That sounds very akin to Top Chef, I don’t want to plug a show that I have no interest in, but but I was a big fan of that show for a while. And that’s the type of competition they would do it and it’s reflective of a, it sounds like it’s reflective of a culture shift.

Because that, that you we seem to be very creative. Looking backwards, like, Okay, this is what we’ve broken, let’s get creative and fixing it. But being creative, looking forward in terms of because I think, you know, those who who study or just generally comprehend that the gravity of environmental issues, from fisheries, to air quality water quality, to to the hot button topic. Now the climate is, these are not things that was broken, you can necessarily fix.

So, it sounds like this could really play an important part, in that culture shift of getting getting the large actors with sort of the broadest impact, to be more forward looking rather than, you know, paying a penalty is looking backwards.

I absolutely agree. I mean, I think this, this brings in a whole nother element of this, which is that we’ve got where we are because of a certain mindset. And that mindset goes back an awfully long time. I mean, it goes back hundreds of years, if not 1000s of years, you know, and it’s a it’s a kind of dualistic mindset, you know, where, you know, the Hume humans are seen as, you know, the Lords over nature and effectively, you know, dominating nature using nature as something that they can manipulate, extract from, etc.

And that comes from a very deeply embedded, especially in the Western canon, which is obviously the dominating paradigm on the planet at the moment. And I use the word dominating very consciously in that, in that context, is that, you know, if you go back to you go back to Plato, you’ve got the ideal versus the real, you know, you go through the Catholic Church, you’ve got spirit versus body, you go through into the enlightenment, you’ve got rationality versus nature, you know, all of these, these dualisms that run very, very deeply through our culture.

And what that means is we have an incredibly you know, we’re really separated, we’re separated from each other, we’re separated from nature, you know, we’ve it ends up with a situation where a certain a certain view, you know, are effectively treating both The people and the natural world as simply as resources. And actually, the reality, of course, is that we’re deeply embedded in the world around us. We’re deeply embedded in, you know, in our communities that, you know, we depend on each other, but we also deeply depend on the natural world.

And it’s, it’s a kind of interesting irony, actually, that, that it’s the spiritual leaders and faith leaders like Pope Francis, or like, the indigenous leaders, who are pointing out a kind of a factual reality, which is, you know, if you damage Mother Nature, you know, you damage the earth, there are consequences. You know, and that’s just a fact.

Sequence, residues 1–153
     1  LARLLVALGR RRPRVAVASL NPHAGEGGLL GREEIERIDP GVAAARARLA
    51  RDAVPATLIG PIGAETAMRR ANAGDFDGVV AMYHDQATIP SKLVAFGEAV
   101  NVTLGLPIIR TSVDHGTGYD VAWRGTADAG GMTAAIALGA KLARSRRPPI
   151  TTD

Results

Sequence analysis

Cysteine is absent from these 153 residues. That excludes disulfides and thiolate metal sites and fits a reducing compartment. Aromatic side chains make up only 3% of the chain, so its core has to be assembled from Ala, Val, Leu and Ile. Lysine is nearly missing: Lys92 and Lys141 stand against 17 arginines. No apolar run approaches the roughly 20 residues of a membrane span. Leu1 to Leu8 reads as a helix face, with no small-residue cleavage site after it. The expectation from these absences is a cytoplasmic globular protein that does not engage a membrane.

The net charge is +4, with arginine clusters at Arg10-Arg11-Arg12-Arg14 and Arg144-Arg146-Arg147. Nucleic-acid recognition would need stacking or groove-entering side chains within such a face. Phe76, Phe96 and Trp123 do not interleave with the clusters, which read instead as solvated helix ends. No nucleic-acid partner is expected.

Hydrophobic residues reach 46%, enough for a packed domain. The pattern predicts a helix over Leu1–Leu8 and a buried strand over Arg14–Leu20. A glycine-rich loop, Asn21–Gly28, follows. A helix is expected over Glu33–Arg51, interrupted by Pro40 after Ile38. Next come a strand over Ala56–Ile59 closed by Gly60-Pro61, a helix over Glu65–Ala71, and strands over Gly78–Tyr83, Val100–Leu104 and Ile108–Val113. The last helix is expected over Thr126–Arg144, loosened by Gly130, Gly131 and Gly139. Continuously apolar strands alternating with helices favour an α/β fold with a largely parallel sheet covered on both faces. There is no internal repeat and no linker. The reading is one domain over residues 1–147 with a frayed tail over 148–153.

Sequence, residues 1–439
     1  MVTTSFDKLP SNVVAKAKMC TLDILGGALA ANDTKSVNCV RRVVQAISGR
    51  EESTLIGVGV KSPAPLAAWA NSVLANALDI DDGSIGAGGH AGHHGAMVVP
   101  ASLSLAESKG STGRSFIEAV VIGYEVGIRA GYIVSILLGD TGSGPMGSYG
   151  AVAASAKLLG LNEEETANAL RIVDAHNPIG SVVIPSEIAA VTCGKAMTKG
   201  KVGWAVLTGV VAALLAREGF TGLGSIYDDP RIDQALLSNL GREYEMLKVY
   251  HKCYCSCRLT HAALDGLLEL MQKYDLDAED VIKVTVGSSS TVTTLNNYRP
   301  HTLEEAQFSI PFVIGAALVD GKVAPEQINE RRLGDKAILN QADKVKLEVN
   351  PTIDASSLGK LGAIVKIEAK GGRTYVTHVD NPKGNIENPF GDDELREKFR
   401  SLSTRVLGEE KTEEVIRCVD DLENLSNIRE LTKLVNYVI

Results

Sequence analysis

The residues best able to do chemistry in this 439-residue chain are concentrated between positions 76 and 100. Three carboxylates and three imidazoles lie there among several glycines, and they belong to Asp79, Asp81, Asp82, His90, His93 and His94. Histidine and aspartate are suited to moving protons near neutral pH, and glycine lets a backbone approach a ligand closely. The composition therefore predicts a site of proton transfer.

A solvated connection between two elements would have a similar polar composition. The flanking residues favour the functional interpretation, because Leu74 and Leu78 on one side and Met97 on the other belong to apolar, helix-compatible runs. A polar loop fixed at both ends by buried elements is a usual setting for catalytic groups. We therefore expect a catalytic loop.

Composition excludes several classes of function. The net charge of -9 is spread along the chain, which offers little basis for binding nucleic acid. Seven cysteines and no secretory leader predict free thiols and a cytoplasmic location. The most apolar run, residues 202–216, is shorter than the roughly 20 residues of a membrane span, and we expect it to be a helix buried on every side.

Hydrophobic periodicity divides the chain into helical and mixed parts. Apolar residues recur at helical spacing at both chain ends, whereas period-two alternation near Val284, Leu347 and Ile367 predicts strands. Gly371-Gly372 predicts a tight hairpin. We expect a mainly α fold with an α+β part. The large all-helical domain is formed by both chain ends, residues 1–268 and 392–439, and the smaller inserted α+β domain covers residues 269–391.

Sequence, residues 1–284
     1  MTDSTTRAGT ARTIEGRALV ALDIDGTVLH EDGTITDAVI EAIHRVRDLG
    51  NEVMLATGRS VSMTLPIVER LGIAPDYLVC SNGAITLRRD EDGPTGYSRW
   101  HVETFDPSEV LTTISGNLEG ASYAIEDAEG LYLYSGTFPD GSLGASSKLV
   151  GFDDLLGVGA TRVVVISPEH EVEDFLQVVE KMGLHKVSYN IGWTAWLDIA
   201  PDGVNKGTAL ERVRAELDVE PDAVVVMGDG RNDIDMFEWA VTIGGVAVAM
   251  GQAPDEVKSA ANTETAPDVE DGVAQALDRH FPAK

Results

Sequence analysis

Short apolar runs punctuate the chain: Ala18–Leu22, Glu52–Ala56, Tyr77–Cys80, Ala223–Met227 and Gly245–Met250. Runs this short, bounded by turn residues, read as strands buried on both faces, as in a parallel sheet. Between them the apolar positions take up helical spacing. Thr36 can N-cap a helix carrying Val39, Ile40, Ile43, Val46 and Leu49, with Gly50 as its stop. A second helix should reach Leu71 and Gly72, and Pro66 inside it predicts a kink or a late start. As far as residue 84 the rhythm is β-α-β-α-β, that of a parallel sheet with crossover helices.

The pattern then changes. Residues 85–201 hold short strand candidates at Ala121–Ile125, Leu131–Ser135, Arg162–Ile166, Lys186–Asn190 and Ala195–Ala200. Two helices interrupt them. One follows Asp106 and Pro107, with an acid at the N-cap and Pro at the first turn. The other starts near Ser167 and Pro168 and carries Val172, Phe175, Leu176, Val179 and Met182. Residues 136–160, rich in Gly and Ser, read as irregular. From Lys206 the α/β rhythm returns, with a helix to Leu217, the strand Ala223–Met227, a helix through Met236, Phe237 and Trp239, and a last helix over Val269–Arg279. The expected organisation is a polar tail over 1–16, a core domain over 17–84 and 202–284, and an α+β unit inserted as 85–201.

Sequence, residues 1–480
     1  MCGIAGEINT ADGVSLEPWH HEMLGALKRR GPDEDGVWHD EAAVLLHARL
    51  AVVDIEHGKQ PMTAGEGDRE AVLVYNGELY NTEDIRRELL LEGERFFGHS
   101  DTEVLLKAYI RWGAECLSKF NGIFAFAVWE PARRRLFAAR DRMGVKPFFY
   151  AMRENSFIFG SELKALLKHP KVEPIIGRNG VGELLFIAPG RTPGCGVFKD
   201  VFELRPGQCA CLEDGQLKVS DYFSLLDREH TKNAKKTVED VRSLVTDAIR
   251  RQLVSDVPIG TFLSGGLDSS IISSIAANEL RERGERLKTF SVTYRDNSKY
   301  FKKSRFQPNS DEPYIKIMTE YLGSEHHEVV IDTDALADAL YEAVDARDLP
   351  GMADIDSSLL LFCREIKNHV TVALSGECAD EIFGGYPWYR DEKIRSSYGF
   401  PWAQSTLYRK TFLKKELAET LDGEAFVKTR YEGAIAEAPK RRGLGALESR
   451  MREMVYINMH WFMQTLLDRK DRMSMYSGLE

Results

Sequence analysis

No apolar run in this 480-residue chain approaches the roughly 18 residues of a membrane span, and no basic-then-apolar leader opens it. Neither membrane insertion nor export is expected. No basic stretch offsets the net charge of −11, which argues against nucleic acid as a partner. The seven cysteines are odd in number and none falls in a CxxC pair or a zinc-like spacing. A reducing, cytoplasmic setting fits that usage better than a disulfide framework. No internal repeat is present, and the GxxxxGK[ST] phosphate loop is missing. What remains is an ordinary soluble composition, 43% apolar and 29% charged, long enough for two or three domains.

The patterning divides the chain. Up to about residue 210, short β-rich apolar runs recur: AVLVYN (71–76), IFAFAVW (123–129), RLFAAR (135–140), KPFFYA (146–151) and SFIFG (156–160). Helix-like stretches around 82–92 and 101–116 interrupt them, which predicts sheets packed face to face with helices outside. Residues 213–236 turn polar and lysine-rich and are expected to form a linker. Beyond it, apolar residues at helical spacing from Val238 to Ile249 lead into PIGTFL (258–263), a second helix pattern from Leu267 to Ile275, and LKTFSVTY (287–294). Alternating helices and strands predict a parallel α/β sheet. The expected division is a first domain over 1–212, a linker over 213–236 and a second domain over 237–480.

You know, and by contrast, you know, our secular leaders who are supposedly terribly science and fact based, and all of that is still operating on a kind of faith, really an economic faith, that simply doesn’t work. I mean, you based stuff on GDP and perpetual growth, you’re gonna run up against the wall sooner or later, and that was approaching fairly fast now. So I think that’s a kind of interesting, interesting irony.

And I think that bringing in a very clear, you know, rule like a law of ecocide actually has the potential to start to rebalance that because if you put Ecocide alongside genocide, what you’re saying is damaging ecosystems is as bad and as dangerous as damaging people. And that starts to kind of shift that balance a bit in the cultural mindset, it actually speaks to a certain, you know, the sort of cultural moral imagination, and you know, helps to potentially move things in in a bit of a different direction that is ultimately going to be healthier for humanity as a whole, as well as for the ecosystems around us.

Yeah, I mean, I have no illusions that we’re going to shift the, the ingrained infatuation with with perpetual growth, that that dominates most economic systems in the world. But, you know, I have yet to see a bottle that demonstrates perpetual growth as a sustainable paradigm. I mean, it always ends in one thing in two things, either either levels off, or there’s a collapse. There’s perpetual growth. So creating boundaries, where we’re kind of incentivized and forced to pursue growth in different directions or in different ways. Maybe that’s what we need. And, and I think you also, you, in a sense, answered a question that I wanted to raise and we’ll just kind of gloss over this, like, why has environmental regulation and and laws related to the environment? Why has that lagged behind in our legal and legal schemes? And I think what you were saying about duality, seeing ourselves as separate, speaks very powerfully to that question.

We’ll take a quick break here. And we’re back in a moment. I’m Max Sloves. I’m speaking with JoJo Mehta. This is Unite and Heal America with Matt Matern today. We’ll be back and as you may know, your host Matt Matern of unite and heal America is also the founder of Matern Law Group, their team of experienced employment consumer and environmental attorneys are dedicated to leveling the playing field by giving everyone access to the highest quality legal representation contact 844 MLG for you, that’s 844 MLG for you, or 84465449688446544968.